By Laurence Matson
Modern photography is rife with Holy Grails, and certainly one of them is the reinvention of the street shooter’s ideal camera as originally embodied in the Leica M series—and in the hands of Henri Cartier-Bresson.
H.C.-B. is to street photography as Ansel Adams is to landscape photography. These three and other icons used a specific tool and molded their defining concept around the tool. The tool essentially becomes a defining factor in how you take pictures.
When Sigma set out to develop the DP series of cameras, they had a specific concept in mind: to house the technology of their DSLR cameras in a pocketable device. One of the models used during the concept phase was the Leica M. Although not pocketable and certainly not digital at the time, it was considered the first true street shooter’s camera.
At photokina 2006, Sigma showed the first concept of the DP1. It was small enough to fit in a large pocket and promised best-of-class image quality with the first APC-size imager in a compact camera. For many, this was the Holy Grail.
But no sooner was the DP1 announced than the discussions about performance began. And there was plenty of time for them; the time delay between the concept camera shown at photokina and the final version shown at PMA 2007 was considered horrendously long, to say nothing of the period from PMA 2007 and the final launch of the finished product. The longer this discussion went on, the greater the expectations—and skepticism—became.
What prospective users underestimated—and in some cases, what Sigma employees before an open mike admitted to underestimating—was the challenge of packing so much technology inside such a tiny package, and doing it for the first time. An honest appraisal of the DP1 was that they succeeded at the time of launch, but just barely. Firmware updates followed quickly to handle major issues, and adept users managed to produce some amazing images. But it was clear to many that a future DP camera would require more horsepower for processing and some changes to the interface.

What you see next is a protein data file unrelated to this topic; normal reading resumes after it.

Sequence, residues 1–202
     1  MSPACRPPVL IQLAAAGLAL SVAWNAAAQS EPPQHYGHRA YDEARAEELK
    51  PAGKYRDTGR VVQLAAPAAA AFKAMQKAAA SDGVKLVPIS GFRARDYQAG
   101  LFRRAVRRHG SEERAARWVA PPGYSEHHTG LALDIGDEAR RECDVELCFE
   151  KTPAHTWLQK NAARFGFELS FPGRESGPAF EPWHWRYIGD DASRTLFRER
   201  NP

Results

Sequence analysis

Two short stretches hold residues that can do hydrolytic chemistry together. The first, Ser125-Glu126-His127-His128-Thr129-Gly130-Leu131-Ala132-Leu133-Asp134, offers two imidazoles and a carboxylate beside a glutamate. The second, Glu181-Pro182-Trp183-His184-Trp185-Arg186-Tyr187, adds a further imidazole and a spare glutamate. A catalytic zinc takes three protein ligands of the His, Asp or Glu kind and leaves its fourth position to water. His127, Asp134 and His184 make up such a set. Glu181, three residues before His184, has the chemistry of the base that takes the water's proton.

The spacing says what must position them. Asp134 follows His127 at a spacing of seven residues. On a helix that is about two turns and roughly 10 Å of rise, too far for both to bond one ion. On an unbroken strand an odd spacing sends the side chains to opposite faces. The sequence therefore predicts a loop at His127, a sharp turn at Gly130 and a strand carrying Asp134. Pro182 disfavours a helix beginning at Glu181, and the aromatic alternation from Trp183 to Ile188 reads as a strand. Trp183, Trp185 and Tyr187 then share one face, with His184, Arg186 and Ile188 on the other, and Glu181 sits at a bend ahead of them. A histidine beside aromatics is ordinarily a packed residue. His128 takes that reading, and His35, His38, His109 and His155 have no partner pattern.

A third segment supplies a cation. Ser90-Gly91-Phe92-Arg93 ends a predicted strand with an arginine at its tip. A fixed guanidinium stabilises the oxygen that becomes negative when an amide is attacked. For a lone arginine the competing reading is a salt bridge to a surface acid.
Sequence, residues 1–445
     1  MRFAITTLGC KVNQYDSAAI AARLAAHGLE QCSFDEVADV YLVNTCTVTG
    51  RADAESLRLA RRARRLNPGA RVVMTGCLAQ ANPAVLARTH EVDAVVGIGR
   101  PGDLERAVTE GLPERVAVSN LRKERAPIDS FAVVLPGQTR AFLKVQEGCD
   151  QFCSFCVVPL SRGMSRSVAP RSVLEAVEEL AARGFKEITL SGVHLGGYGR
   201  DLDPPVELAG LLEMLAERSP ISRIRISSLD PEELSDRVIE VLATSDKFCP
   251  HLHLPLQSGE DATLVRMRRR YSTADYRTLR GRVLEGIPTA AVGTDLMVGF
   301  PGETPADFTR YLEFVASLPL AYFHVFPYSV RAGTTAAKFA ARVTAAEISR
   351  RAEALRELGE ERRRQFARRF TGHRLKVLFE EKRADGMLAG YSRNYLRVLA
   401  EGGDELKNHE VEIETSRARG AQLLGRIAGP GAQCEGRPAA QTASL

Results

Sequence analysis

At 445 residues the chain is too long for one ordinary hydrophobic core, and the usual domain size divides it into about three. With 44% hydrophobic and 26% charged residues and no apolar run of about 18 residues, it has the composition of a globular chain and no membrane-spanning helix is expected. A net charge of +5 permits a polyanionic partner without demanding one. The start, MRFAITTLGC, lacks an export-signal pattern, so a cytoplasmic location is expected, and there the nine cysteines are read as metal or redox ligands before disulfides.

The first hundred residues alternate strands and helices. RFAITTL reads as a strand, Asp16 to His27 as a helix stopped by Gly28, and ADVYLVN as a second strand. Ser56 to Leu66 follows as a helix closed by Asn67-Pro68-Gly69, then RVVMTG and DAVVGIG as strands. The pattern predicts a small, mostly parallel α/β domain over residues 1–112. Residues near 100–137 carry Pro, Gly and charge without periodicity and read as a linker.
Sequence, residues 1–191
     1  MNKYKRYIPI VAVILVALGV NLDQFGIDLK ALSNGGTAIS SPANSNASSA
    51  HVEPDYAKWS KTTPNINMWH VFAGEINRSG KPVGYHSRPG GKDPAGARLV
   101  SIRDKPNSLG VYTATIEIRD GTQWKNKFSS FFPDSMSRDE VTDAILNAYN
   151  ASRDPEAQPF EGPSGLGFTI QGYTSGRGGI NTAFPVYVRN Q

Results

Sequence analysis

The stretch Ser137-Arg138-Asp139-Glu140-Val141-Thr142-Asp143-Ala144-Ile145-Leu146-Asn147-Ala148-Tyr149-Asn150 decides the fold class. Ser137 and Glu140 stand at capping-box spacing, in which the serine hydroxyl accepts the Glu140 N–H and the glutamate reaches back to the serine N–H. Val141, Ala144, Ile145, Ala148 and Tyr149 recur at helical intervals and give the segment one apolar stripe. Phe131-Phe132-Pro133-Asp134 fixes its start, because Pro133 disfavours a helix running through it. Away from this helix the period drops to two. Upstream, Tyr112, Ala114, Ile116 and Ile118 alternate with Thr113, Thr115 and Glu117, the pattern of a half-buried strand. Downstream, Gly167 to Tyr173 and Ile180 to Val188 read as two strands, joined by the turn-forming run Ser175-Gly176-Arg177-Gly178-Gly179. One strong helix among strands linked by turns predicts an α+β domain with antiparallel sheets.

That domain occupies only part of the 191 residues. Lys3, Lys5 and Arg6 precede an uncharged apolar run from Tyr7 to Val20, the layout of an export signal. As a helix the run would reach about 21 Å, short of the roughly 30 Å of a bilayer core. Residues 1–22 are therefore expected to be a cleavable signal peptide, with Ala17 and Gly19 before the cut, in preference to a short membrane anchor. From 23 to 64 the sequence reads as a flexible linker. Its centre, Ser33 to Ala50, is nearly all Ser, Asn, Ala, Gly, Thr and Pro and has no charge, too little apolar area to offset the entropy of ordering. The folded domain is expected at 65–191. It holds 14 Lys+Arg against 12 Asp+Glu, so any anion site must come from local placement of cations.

Enter the DP2. Once again, anticipation and expectations were high, and some felt that the "little camera with outstanding image quality" came up short. However, Devices are rarely perfect, and never are in the eyes of all. Devices have an intended function and propose through their designs how to go about it. Ultimately, the buyer has to decide whether the device suits his or her needs or not.
In my opinion and from my experience, the DP2 makes a very good street camera. It is not perfect, but it is certainly a step in the right direction. Here is how I use it for that purpose:
• Set the camera to M mode on the dial, and adjust the ISO, shutter speed and f-stop for the prevailing conditions. I tend to set it for ƒ/8 and adjust the shutter speed on the fly as light conditions change. If my final result will be B&W, I only adjust the ISO using the QS menu.
• Set focus to MF and use the wheel to set it for a hyperfocal point around 1.5–2 meters. Again, this can be adjusted on the fly.
• Use the fastest card you can. I use 32 GB Delkin class 4 cards. There might be faster cards around now.
• Use the OVF and keep both eyes open to see the action evolve. Capturing the moment is about anticipation.
• Turn off the LCD. It is a distraction.
Set up like this, I can capture an image every two to three seconds for as long as I want. There is no shutter lag.
If there is a company out there that listens to what its users want, it is Sigma. This has been shown time and again in their response with new firmware or products. As we move towards the DP3 and beyond, it is good for people to discuss problems openly in forums or blog comments. But as with any criticism, the constructive form is best, and this acknowledges what is right as well as what could use improvement.
Laurence Matson, one of the initiators and stalwarts of the Sigma Users Group, describes himself as a "strong Sigma and Foveon proponent." I invited him to write this "counterpoint" when he criticized my take on the recently introduced Sigma DP2. —MJ